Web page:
Learning Management Systems (LMS) have extraordinary adoption rates in higher education. According to Malcolm Brown, Joanne Dehoney, and Nancy Millichap, in The Next Generation of Digital Learning report, estimates of institutions running a Learning Management System are near 99%. Usage is high as well. 85% of faculty use an LMS with 74% saying it is a useful tool to enhance teaching. Student use is 83% with 56% saying they use it in most or all courses. No other academic application comes close to such high adoption rates.¹
Historically, LMS served as an administrative tool with many systems trying to build out applications, however, it quickly became impossible to be all things to all schools. The need for adaptive learning with student measurement, as well as explosion in the number of technology tools designed to support the classroom, required a better method of adoption. After all, no one wants technology solutions to run independent and parallel to each other.
The LMS did not immediately lend itself to outside technology. One of the key changes that occurred in the marketplace was the adoption of Learning Technology Interoperability (LTI) standards. The goal was a royalty-free, standard way of integrating rich learning applications into platforms like Learning Management Systems.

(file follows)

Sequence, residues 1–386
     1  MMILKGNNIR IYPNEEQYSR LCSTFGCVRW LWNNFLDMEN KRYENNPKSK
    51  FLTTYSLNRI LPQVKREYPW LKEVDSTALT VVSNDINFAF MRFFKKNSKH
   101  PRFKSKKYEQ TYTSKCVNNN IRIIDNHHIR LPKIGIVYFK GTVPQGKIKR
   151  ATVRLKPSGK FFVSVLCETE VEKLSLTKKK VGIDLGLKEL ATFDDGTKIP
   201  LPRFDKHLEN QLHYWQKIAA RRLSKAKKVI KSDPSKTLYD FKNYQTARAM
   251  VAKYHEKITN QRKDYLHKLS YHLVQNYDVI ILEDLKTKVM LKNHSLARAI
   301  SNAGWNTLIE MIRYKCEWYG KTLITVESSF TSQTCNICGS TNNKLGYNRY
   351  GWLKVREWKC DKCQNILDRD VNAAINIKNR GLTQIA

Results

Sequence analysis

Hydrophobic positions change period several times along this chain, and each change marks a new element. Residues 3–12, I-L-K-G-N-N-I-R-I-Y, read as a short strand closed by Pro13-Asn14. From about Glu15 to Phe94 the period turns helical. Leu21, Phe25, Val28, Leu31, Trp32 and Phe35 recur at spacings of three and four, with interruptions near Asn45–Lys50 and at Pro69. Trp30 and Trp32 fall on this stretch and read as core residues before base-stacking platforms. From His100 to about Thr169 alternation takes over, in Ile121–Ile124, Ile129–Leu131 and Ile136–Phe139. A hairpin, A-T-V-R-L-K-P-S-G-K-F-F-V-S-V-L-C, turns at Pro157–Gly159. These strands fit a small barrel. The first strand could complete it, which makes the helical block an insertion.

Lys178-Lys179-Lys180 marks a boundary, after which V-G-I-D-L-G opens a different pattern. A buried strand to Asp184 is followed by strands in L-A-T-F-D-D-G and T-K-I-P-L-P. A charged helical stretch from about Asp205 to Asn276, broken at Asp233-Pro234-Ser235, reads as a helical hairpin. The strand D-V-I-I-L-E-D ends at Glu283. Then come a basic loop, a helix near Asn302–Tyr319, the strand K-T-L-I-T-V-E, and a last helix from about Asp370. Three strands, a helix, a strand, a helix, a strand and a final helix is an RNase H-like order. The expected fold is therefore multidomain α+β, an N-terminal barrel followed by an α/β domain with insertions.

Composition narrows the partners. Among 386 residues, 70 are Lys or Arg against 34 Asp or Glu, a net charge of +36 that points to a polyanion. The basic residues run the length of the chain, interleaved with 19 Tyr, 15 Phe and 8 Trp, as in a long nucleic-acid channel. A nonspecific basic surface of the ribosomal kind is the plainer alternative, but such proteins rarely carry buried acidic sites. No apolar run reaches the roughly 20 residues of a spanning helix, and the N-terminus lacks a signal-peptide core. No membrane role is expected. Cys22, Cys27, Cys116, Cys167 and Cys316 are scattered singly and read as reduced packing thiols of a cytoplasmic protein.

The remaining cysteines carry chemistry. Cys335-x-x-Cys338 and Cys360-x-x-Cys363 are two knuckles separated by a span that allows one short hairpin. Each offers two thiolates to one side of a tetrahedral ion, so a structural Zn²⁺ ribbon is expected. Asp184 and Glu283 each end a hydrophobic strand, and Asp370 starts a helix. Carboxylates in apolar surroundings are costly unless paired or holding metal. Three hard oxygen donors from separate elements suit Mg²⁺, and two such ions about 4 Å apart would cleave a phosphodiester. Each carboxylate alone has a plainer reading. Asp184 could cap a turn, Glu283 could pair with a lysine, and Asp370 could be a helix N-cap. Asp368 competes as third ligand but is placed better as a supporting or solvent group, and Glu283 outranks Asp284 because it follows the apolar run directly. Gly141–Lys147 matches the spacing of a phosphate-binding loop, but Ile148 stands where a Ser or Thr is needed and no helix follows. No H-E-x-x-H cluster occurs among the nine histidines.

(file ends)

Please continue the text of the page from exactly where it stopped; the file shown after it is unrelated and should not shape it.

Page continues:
With LTI in place, there is now a seamless connection of web-based, externally hosted applications and content or tools that can be quickly implemented that would interact with the LMS. With this in place, the education-based technology universe is strengthened and leads to an increase in the adoption and use of the best tools for student needs. The benefits of LTI include:
- More choices for educators to meet learning goals
- Speedier implementations
- Less IT resources required for new technology
- Lower cost to adopt
In the next few months, our READynamic™ reading solution will meet LTI standards so that it can be integrated with LMS systems to support active learning. Watch for more details to be released soon.
¹Malcolm Brown, Joanne Dehoney, and Nancy Millichap, The Next Generation Digital Learning Environment, EDUCAUSE, 2015.